You asked if you were overreacting in your level of discomfort, and my answer is “no.” You didn’t ask what to do with that discomfort, but if I were you, I’d school that boyfriend of yours. I’d tell him it’s time for him to turn his attention to your relationship. If he wants a future with you, he needs to create some clear boundaries between him and his students, and that as much as you respect the work he does — and it seems apparent from your letter that you do — it’s important for you to see the same level of commitment and passion for your relationship as he shows for his job. If he can’t, or isn’t willing to do that, you have to decide whether you can deal with the side effects of his career. If you can’t, it’s time to consider moving on.
My sister is going through a pretty messy and heart-wrenching divorce. Her and her soon-to-be ex-husband’s marriage was short-lived and probably doomed from the start (getting married too hastily, namely). I have been helping my sister in whatever way I can: being a shoulder to cry on, a soundboard for her anger, a date to weddings. While I’m motivated and happy to help her, I still have an immense feeling of loss. I truly loved my soon-to-be ex-brother-in-law. What makes matters worse for me is that he has not returned a sorrowful e-mail or mournful voicemail I left when everything came to fruition earlier this year. I don’t push communicating with him, as I know he understandably wants to cut ties. However, I cannot help but feel abandoned by someone I trusted and accepted into my family.
These feelings conflict with being there for my sister. I have not told her that he ignored my attempt to reach out to him. I truly feel that the only way for me to move on is hearing from him. I know that he is in a process of moving on and healing wounds as well, but I wish he might make things easier for me by saying any parting words. I talk about how I feel to my parents, friends, and my boyfriend, all of whom understand and want to help, but I still have an overwhelming sadness. Does this make me a selfish person? How do I cope with my own feelings while being supportive at the same time? — At a loss on the periphery
I can appreciate where you’re coming from. My sister is very fond of my husband, and I can imagine if anything were to happen between us, she would be devastated if he just dropped off without reaching out to her at all. I would certainly hope he could separate any hurt feelings he had with me from the affection he has for my sister and, at the very least, return an email to her, but you know what? I don’t know that I could fault him if it took him some time to get there.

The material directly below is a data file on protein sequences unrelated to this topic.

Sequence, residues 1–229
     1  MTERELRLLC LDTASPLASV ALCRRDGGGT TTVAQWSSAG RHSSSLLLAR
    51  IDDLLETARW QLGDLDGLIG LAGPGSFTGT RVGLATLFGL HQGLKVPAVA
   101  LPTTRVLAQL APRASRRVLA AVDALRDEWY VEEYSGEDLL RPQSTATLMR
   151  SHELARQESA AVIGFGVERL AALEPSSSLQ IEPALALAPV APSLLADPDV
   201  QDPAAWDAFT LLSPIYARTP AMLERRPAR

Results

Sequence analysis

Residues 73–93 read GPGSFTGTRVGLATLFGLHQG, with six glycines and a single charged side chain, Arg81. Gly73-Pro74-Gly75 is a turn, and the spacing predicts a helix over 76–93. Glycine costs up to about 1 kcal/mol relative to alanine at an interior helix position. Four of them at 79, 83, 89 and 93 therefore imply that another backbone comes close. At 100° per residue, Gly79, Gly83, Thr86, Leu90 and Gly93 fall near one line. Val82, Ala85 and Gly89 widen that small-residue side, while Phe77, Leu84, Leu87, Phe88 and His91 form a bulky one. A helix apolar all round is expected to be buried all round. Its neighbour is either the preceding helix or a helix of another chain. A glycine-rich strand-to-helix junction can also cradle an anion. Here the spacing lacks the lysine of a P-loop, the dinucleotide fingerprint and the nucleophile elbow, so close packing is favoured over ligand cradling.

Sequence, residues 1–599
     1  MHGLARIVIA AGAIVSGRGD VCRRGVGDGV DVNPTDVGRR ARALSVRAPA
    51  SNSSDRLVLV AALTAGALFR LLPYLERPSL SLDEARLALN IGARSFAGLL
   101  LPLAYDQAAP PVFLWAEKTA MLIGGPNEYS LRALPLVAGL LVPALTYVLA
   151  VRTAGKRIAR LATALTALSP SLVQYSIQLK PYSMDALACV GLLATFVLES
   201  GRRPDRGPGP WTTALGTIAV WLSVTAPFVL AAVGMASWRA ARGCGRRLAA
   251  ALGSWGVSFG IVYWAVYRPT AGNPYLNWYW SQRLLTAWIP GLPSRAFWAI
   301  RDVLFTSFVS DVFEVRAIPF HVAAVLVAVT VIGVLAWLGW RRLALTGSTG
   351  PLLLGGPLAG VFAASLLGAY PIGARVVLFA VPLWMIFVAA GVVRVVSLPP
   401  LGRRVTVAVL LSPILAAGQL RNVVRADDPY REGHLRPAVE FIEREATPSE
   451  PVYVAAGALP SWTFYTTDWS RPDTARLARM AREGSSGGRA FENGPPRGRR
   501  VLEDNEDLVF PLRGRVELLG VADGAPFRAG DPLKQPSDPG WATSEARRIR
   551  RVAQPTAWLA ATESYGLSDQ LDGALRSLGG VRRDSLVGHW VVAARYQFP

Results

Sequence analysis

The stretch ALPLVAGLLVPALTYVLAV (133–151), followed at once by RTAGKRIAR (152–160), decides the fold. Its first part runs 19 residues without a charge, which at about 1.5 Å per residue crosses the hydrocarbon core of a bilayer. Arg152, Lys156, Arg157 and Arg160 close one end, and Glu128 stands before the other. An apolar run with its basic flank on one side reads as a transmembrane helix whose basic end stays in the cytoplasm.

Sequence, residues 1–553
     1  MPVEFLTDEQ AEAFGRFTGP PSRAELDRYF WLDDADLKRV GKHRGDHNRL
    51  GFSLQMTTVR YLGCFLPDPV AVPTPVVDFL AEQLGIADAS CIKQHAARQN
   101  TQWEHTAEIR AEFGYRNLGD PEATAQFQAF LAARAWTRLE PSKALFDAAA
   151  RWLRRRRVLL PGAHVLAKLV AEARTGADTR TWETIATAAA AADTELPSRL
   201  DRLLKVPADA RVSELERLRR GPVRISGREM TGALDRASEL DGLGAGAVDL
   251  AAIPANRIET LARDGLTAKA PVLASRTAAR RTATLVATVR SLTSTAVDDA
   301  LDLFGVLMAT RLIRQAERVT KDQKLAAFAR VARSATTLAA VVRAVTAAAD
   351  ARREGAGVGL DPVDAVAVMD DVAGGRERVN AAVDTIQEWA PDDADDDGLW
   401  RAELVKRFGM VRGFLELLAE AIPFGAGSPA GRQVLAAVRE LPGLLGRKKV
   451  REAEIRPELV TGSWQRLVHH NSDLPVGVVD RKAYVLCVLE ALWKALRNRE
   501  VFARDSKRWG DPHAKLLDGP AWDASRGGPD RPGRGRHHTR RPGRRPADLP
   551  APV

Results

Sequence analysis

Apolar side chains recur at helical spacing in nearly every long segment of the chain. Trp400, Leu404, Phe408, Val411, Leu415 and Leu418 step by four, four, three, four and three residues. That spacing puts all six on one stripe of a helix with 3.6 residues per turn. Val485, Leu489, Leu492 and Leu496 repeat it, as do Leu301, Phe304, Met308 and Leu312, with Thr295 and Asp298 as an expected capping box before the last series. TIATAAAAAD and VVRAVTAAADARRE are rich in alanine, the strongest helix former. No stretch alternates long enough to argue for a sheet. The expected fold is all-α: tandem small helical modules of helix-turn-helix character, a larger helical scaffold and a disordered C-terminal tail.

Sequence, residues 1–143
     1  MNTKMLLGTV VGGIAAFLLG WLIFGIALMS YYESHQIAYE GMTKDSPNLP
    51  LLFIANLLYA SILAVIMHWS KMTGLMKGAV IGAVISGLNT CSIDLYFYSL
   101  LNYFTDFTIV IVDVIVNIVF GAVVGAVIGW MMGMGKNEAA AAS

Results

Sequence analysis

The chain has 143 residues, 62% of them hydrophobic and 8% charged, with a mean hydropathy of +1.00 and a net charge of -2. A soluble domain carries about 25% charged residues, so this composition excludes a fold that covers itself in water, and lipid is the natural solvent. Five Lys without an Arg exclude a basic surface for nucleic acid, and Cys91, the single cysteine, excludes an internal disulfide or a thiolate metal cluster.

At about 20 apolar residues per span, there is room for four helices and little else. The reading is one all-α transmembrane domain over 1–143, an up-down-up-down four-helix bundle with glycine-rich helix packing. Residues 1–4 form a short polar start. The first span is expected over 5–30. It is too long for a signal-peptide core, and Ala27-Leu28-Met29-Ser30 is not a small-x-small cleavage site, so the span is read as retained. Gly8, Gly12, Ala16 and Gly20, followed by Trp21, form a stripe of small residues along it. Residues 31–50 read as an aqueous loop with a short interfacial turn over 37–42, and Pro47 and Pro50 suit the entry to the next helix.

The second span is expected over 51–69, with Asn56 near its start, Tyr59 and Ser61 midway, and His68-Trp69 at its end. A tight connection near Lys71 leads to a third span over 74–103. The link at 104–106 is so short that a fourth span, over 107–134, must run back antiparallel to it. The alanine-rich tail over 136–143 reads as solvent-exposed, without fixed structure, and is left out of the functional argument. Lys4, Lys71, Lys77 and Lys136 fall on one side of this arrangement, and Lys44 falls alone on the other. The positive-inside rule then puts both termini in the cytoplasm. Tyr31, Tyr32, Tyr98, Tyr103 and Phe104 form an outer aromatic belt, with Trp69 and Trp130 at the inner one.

You need to remember that your BIL isn’t just potentially dealing with a broken heart here; he’s dealing with the loss of family, the breakup of his home, and the end of what likely were many dreams he had for the future. If you’re as close with your sister as you say, I’m sure you’re aware of all this. But given what you consider a slight from him on your end, it may be easy to forget. Give him some time. Try not to take his snub personally. In a few months — or maybe when the divorce in finalized — if you haven’t heard from him yet, send him another message and let him know you’re really sad things ended the way they did, that you considered him a great addition to your family, you miss having him in your life, and you wish him only the very best. And then accept that you may not ever hear back from him. But that doesn’t mean he doesn’t miss you, too, or that your family didn’t mean a lot to him. It may just be that his ability to embrace his new life is so tenuous he doesn’t want to risk his grasp by reaching even the smallest amount toward his old life.
As for coping with your own feelings, you’re doing the right thing. Continue talking to your parents, friends, and boyfriend. Journal it out. Maybe even write some letters to both your sister and her soon-to-be ex (but don’t send them!) about your sadness and frustration. Losing a family member — even one whose relation to you seemed “doomed from the start” — isn’t easy, so be gentle with yourself. You may not be the one getting divorced, but that doesn’t mean you’re being selfish for grieving.